We also have evaluated the validity of using Eq. (7), computing the difference in the skills of Eqs. (5) and (7), shown in Table 1, in the EX3 column. The difference in the average annual skill is 2.5% and the annual difference in the percentage of signs correctly computed is 2.9%.

In order to find out the regions in the Northern Hemisphere where this procedure could be used successfully, we carried out another experiment. It consists in evaluating the skill of Eq. (5) in continental and oceanic regions separately, and using also the same data period. The results are shown in Tables 2 and 3, where we can see that regions like the American and the European continents and the Pacific and the Atlantic oceans evaluated with the *S*_{1} score skill, yields an average seasonal and annual skill of around 75%; and around 80 and 90% for the Asian and North-African continents, respectively.

In another experiment, we have compared the skill of Eqs. (5) and (7) with the skill of Eq. (8). In this experiment, we computed the precipitation anomalies for the whole NMC Northern Hemisphere grid, using the January and July months of 1996, 1997 and 1998 data, which are six months outside of the period where the regression coefficients were computed. The data was obtained from the NOAA-CIRES Climate Diagnostic Center, through the Web site. We see from the average results of this experiment, shown in Table 4, that Eq. (7) yields the best skill (83.4%), and that there is no significant difference between the skill of Eqs. (5) and (8), while in the signs correctly computed, Eq. (5) is the best with about 60%.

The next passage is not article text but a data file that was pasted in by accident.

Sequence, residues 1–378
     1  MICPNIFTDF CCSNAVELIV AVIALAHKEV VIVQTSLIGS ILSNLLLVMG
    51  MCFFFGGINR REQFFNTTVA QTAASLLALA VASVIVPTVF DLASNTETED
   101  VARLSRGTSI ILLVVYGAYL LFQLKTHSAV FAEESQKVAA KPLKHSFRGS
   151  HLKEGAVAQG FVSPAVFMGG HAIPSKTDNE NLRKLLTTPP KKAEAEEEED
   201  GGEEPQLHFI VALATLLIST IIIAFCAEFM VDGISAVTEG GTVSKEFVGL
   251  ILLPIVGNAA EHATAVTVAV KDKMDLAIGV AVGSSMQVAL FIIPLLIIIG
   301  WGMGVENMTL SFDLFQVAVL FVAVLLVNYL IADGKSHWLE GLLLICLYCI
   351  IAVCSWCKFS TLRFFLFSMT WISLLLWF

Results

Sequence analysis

Figures 2 and 3 show the precipitation anomalies computed with Eq. (5), in parts A, and observed in parts B for January and July of 1996 respectively. Table 4 shows that, in this case, for January the skill of the method is 81.6% and the percentage of signs correctly computed is 60.6%. For July, these values are 73.9 and 60.0%, respectively.

Our regional interest is Mexico, with its semi-tropical climate in the South, and semi-desertic in the North. Since the rainy season is the summer in Mexico, we computed as an example, the precipitation anomalies for July 1998, using Eq. (5) with the NOAA-CIRES CDC data. Figure 4 shows the mean monthly anomaly of the observed rainfall (part A), and the corresponding computed anomaly (part B), for July 1998 in Mexico. The corresponding skill for this case is 57.1%, and the corresponding percentage of the signs correctly computed is 73.3%.

**4. Concluding remarks**